Irritated by his popularity with the people, the authorities decided to mark Pascha, 1918 by killing him. One evening the former officer Rudakov and the worker Dubovkin appeared at his residence in the Transfiguration monastery armed to the teeth, and began to demand that they be allowed to see him. The guard composed of believers sounded the alarm, and at the sound of the alarm the chekist Dubovnik took to his heels. But Rudakov broke down the door of the archbishop's cell and fired several times. Fortunately, he missed, and was disarmed by the archbishop himself. Then the people ran up, making it clear that they wanted to lynch the chekist. He was saved only by the vigorous intervention of the archbishop. At this point - wonder to behold! - Rudakov fell on the neck of the archbishop, crying "Christ is risen!" He then claimed that his attempt on the life of the archbishop had been instigated by the authorities. The authorities denied this, but Rudakov had proof of the truth of his words in the form of a mandate signed by them. Rudakov was arrested and put on trial, but the trial did not take place because Rudakov, overcome by his experiences, fell ill and died in prison.
This incident served to unite the flock of Penza diocese still more tightly round their archpastor, and the authorities, taking note, abstained from open demonstrations against the archbishop for the time being, which gave him the opportunity to organize the believers in parishes and other church organizations. The liberal intelligentsia, which had previously been indifferent to the Church, began to return to the Church. Among them was the lawyer V.A. Bezsonov, who became the archbishop's subdeacon and as his legal adviser was of great service to him. The workers, led by Z.Z. Pozdnyakov and A.S. Baikov, who had been among the best known fighters against alcoholism in Petrograd, attached themselves to the archbishop. As for the clergy, they gave an excellent example everywhere, and church life began to revive and get stronger throughout the diocese. Church feasts and meetings began to be carried out with exceptional exaltation of spirit.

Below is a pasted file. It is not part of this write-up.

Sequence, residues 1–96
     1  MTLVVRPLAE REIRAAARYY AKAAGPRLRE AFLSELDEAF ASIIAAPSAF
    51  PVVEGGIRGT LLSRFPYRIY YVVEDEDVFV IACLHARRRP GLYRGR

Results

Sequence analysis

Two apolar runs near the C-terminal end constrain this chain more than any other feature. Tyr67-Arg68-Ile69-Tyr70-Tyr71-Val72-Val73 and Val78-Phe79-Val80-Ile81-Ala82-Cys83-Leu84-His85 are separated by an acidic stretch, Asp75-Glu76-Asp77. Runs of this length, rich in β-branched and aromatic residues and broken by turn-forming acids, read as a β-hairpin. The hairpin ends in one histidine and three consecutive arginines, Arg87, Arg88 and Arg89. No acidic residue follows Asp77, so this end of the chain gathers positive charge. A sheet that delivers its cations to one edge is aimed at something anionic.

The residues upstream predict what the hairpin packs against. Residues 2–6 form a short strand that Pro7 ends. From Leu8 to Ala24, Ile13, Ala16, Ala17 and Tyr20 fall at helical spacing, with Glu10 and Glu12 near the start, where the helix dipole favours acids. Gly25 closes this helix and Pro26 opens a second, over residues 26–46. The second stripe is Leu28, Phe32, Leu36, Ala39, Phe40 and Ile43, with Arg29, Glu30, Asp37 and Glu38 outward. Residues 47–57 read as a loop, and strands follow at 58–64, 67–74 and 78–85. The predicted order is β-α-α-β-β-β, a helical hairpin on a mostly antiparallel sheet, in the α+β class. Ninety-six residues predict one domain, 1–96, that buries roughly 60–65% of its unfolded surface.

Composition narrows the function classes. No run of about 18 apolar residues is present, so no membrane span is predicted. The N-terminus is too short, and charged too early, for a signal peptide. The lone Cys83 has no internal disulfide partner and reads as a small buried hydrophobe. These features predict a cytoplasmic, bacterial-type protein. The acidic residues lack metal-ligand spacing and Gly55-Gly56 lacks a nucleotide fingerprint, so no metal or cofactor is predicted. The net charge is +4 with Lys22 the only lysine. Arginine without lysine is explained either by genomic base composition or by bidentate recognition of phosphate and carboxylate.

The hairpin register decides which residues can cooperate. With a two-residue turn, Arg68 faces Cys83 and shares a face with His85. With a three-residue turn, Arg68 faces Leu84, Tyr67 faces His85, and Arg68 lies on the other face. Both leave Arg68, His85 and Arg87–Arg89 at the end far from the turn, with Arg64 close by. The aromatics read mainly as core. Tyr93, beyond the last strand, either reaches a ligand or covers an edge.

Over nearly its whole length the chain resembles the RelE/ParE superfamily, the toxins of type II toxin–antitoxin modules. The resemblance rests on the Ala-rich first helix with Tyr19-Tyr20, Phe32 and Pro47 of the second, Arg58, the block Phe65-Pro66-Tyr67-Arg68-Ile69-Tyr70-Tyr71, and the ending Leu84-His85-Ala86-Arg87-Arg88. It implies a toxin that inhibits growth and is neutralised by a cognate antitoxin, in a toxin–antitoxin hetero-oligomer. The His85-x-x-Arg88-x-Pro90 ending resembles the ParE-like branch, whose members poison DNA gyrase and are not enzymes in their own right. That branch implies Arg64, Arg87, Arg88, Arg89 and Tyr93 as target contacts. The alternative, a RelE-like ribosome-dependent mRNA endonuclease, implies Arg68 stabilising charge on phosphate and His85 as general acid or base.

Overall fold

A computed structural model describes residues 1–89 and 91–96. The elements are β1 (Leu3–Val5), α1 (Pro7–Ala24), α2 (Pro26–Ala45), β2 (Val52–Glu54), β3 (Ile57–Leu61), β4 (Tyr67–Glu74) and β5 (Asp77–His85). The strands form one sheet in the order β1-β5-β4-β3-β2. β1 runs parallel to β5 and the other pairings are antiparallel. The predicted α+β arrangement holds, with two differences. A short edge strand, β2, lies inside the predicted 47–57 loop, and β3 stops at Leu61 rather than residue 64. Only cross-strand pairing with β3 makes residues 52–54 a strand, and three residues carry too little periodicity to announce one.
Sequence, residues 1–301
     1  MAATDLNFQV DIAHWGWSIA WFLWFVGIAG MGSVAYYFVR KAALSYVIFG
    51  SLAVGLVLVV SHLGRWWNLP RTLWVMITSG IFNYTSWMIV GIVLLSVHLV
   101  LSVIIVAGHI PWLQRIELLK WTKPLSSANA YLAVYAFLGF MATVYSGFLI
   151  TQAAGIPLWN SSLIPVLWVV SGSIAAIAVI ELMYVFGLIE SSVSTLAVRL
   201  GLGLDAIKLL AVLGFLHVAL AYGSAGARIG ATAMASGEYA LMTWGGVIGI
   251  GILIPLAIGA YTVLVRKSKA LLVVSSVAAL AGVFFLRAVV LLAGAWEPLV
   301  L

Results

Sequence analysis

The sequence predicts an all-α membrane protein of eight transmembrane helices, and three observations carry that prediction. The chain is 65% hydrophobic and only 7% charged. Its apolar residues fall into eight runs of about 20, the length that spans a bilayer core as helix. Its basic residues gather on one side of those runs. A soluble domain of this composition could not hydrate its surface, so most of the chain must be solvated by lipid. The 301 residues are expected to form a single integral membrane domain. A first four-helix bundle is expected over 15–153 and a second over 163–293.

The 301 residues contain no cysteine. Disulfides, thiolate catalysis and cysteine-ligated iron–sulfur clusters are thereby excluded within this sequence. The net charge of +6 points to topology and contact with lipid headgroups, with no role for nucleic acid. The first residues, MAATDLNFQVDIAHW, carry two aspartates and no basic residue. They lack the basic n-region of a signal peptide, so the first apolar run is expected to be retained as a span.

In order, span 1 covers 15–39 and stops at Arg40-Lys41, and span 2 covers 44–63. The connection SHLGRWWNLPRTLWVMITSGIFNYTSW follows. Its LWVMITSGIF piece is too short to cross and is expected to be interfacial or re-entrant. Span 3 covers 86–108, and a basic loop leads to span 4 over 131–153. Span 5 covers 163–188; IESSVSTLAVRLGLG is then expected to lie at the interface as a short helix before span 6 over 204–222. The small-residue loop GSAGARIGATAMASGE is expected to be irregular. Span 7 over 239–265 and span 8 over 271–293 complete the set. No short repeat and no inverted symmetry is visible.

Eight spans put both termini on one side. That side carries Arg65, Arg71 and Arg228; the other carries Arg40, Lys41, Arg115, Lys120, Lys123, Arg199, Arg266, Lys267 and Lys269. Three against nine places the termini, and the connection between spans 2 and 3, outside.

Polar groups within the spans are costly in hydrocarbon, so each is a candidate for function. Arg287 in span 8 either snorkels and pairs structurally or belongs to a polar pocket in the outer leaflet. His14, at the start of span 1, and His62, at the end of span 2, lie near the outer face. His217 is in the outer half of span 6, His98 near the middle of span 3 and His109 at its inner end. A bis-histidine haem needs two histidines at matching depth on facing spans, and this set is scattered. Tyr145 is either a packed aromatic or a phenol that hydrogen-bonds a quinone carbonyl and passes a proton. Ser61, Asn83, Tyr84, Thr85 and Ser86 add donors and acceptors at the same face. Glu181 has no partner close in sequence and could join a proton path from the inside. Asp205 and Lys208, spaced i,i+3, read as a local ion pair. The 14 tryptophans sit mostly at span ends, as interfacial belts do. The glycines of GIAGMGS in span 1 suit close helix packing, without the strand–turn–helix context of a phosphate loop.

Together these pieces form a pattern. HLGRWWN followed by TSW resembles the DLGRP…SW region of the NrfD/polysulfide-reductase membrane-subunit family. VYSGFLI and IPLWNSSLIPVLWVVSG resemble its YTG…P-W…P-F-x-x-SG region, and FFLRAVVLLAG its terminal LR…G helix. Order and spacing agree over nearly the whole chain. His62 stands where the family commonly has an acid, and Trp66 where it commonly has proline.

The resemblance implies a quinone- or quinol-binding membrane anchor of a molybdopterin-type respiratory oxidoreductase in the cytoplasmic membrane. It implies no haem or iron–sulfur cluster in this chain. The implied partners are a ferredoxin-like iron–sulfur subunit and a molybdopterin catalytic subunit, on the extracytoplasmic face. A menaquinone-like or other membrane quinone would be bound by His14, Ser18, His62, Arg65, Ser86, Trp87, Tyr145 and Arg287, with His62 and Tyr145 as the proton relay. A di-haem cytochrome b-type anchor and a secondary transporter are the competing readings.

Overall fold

In May, 1918, a regiment of Czechoslovaks who were on their way from the Don to Siberia passed through Penza. During a battle with the Bolsheviks, the latter's artillery suddenly for no reason began to fire on the Transfiguration monastery where the archbishop was living. Several shells fell on buildings adjoining the bishop's cell. The Bolsheviks tried to explain this incident by reference to a misunderstanding, but the people interpreted it as an attempt on the life of the archbishop, and registered a strong protest with the authorities.
On September 7, 1918, the Cheka carried out an extensive search in the cell and offices of the archbishop. They found nothing incriminating, but after the search they took him for a confrontation with one of the prisoners who had been condemned to death. This meant that the archbishop could not arrive on time for the All-Night Vigil for the feast of the Nativity of the Mother of God; and when the people arriving for the service learned that the archbishop had been taken away "to the house of no return", and, moreover, on the day when executions were carried out, they decided that he had been shot together with the others condemned to death. An expedition was quickly organized, which confirmed the theory about his execution. Thus when Archbishop John arrived very late for the service, he found, not an All-Night Vigil in progress, but a pannikhida for "the newly departed Archbishop John".
On September 14, 1918, the archbishop was serving in the Peter and Paul church in Penza in the presence of a huge crowd of people. During the service "Archbishop" Vladimir Putyata arrived and tried to enter the church together with his supporters. The people forcibly prevented him doing this, and there were disturbances around the church. As a result of this, the archbishop was put in prison for a whole month. His innocence was obvious to everyone, even to the Cheka, but evidently it had been decided to conduct an experiment to see how the people would react to the removal of the archbishop. They reacted by besieging the Cheka headquarters with delegations of believers demanding the archbishop's release. The local German consul noted that among those under arrest was a native of the Baltic region, which was then under German occupation, and demanded an explanation from the Cheka. All these circumstances compelled the cheka to stop their case against Archbishop John and free him.
On October 14 at midnight the chekists began to summon the prisoners one by one into the hall where the tribunal was sitting in order to listen to and sign the tribunal's sentence. It was a Saturday, the day on which executions were usually carried out, and those who were called out on the list went away and did not return. This meant that after the explanation of the sentence they had been handed over to the executioners for the carrying out of the sentence. On the long list of the doomed, Archbishop John's name was the last. Evidently they were forcing him to go through everything that the prisoners about to be executed went through. At about one o'clock in the morning Archbishop John was told that he was free.